In year 1611, Galileo systematically observes the
sunspots and deduces solar rotation. Scheiner, profiting from 20 years of
measurements, shows in 1630 that the spots close to the equator
spend less time to cross the solar disc than the spots being to
higher latitudes. It will be necessary to wait until 1863 for the
establishment of the differential rotation law by Carrington. It also adopts
a period of average solar sidereal rotation equal to 25.38 days and a frame
of reference whose meridian line origin corresponds to the central meridian
line on January 1st 1854, 12h UT.
Thus, a means of measuring solar rotation consists
in recording the position of the sunspots on successive dates. One notes
a movement from the East towards the West. this is called the tracers method
fig. 1 - description of solar rotation (01 to 06 August, 2003)
The use of a spectroheliograph (or a specific filter
H-alpha or CaII) makes it possible to observe characteristic structures
of chromosphere and inner corona : plages, chromospheric network, filaments,
etc). Some of these structures are more frequent and cover a broader
zone in latitude than sunspots. They thus are usefull to measure, quickly
and from equator to high latitudes, the solar rotation.
Observing the Sun as often as possible, I wanted
to see what it was possible to do about this for an amateur. Here is
quickly exposed the method which I employ :
- The images of the sun, are first of all corrected geometrically (more). Heliographic North, radius and center of the solar disc are measured.
- The parameters P, Bo and Lo (respectively angle of position of the solar axis, heliographic latitude and heliographic longitude of the center of the solar disc) are interpolated from ephemerides.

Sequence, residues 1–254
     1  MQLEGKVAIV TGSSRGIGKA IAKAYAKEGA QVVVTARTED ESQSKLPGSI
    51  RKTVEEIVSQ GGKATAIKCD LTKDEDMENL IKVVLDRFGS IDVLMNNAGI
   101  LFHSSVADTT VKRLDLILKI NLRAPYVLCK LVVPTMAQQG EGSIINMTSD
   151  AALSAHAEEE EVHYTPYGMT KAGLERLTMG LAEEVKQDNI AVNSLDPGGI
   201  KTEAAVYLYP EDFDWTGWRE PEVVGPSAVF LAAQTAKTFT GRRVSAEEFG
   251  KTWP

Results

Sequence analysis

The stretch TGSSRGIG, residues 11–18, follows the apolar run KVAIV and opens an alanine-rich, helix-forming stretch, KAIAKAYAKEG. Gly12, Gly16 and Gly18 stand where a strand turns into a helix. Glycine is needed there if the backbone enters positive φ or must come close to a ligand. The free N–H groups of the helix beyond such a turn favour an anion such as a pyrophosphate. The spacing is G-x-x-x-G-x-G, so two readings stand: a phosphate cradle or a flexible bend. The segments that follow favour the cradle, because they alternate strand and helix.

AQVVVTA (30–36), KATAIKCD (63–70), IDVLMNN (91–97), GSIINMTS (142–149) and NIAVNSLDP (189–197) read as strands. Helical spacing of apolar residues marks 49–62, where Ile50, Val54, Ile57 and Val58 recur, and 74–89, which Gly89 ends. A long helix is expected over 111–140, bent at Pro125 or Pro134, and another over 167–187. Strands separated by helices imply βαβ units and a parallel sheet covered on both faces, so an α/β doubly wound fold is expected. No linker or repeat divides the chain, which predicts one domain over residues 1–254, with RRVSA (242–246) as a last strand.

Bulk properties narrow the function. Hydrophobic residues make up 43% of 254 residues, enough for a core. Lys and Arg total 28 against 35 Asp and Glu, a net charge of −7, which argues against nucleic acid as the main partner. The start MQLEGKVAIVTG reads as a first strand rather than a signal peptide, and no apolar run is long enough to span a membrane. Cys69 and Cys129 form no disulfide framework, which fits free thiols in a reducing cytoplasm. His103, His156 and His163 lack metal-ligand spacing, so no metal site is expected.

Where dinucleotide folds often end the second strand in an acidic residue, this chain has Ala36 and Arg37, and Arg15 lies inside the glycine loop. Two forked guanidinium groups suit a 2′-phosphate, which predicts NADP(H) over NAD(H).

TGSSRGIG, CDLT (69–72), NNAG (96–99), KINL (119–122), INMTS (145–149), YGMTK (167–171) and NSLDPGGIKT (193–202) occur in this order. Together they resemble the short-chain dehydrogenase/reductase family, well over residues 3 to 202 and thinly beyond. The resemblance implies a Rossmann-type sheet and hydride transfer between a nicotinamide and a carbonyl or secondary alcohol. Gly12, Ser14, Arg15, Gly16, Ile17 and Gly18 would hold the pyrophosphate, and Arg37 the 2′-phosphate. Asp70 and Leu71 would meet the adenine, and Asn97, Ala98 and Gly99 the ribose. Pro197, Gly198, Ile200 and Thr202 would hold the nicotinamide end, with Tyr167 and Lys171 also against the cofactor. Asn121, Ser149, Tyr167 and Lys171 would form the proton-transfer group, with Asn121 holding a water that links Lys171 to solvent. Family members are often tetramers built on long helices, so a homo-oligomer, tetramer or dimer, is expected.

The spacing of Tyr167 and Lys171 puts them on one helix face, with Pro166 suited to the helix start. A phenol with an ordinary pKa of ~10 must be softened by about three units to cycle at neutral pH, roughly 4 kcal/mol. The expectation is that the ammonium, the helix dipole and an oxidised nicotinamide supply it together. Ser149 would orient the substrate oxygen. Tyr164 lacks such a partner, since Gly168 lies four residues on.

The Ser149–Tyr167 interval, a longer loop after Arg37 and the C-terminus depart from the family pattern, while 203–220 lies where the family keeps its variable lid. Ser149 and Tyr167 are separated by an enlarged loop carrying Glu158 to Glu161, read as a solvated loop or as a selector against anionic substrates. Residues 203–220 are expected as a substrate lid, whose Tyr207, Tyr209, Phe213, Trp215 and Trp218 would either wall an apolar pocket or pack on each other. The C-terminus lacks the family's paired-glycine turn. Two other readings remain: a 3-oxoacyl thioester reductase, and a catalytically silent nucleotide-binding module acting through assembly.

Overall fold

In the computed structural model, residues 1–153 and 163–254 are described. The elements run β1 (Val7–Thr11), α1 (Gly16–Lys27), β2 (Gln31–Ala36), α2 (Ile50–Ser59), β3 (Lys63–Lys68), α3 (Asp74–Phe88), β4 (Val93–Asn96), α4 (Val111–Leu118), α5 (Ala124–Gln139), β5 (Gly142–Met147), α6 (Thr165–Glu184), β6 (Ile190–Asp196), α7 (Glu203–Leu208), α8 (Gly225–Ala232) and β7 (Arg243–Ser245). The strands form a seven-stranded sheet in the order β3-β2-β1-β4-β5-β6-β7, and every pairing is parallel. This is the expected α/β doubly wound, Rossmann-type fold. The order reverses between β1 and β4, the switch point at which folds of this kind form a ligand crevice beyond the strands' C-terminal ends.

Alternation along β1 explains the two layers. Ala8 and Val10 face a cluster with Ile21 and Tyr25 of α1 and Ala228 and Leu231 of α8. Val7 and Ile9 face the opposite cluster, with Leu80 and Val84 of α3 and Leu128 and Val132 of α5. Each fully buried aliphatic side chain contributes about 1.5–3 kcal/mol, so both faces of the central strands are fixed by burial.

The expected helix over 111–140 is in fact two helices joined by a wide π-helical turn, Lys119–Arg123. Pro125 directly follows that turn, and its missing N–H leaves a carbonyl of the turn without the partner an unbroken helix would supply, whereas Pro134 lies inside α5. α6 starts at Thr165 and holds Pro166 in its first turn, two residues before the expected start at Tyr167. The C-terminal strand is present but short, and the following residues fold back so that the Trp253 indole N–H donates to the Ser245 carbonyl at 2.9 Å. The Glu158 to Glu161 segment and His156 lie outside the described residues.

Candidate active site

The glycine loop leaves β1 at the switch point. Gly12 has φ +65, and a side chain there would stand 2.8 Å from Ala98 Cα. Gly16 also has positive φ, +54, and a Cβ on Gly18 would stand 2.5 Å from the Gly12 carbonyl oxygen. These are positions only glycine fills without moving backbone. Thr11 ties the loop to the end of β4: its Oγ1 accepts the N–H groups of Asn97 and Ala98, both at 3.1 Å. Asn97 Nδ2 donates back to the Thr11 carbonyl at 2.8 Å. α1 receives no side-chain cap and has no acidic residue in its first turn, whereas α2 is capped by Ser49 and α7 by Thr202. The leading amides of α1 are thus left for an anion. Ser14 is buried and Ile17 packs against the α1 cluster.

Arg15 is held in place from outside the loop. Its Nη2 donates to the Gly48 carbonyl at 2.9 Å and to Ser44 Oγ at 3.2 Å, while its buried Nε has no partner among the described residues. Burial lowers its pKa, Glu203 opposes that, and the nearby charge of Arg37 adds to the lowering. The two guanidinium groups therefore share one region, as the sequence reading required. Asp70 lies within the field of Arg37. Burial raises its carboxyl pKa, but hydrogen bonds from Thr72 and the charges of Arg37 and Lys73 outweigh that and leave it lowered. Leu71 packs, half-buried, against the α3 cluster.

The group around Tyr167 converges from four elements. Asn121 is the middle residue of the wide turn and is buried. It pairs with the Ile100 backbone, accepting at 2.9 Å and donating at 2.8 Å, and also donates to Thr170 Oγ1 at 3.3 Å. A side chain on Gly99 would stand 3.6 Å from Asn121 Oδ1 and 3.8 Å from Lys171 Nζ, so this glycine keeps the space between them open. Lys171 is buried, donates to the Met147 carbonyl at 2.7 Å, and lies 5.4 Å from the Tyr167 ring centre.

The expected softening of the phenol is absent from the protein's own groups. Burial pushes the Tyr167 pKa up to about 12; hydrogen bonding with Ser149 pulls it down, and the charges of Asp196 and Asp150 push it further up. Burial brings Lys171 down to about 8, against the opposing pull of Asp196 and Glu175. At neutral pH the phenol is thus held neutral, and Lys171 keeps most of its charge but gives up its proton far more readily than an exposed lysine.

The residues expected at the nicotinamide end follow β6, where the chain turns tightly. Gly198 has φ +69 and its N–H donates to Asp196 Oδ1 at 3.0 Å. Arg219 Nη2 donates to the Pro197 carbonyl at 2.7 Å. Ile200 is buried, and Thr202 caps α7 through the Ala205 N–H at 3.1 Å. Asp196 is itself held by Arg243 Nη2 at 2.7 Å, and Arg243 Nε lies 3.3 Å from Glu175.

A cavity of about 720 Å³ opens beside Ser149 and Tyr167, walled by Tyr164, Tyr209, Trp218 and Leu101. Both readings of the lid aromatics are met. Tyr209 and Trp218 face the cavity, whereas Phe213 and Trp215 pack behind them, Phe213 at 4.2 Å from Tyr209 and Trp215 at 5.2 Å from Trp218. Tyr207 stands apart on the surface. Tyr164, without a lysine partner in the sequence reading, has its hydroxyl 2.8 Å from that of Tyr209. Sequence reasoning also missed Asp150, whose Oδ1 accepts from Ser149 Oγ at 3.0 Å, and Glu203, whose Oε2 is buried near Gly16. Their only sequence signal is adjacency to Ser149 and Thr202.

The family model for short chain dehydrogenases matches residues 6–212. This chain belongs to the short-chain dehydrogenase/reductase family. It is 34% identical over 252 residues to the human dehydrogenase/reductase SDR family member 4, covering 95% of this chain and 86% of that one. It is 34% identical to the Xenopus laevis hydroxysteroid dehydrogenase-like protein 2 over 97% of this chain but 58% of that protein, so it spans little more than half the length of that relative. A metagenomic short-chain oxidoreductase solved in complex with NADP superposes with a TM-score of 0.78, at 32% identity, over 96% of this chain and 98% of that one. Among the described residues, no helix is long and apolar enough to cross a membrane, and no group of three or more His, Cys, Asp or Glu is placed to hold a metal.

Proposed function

- Various methods are possible to measure the position of the tracers:
either one superimpose a grid of co-ordinates (Stonyhurst) on the
image and one reads the co-ordinates compared to the central meridian
line directly (fig. 2), or one measures co-ordinates x and y of each
tracer compared to the center and one calculates corresponding longitude
and latitude with trigonometric formula (fig. 3), either one map
the whole image on a rectangular co-ordinates frame. This last solution
is very usefull for the following data-processing treatment (fig
4). The vertical white line indicates the position of the central
meridian line at the moment of the observation. In practice, only
the zone ranging between +/-60 degrees in latitude and +/- 80° in
longitude compared to the central meridian line is mapped. The scale
is 4 pixels per heliographic degree in both directions.
Fig. 2 - coordinates grid Fig.
3 - rectangular coordinates
Fig. 4 - cylindrical projection
( august 05, 2003, CaII)
Every day, because of the solar rotation and of the revolution of
the Earth around the Sun, the longitude of the central meridian (system
of Carrington) decreases 13.2° approximately. It follows that the
observed portion of Sun is gradually moved towards the left of the
planisphere. This is illustrated by the figure 5 which shows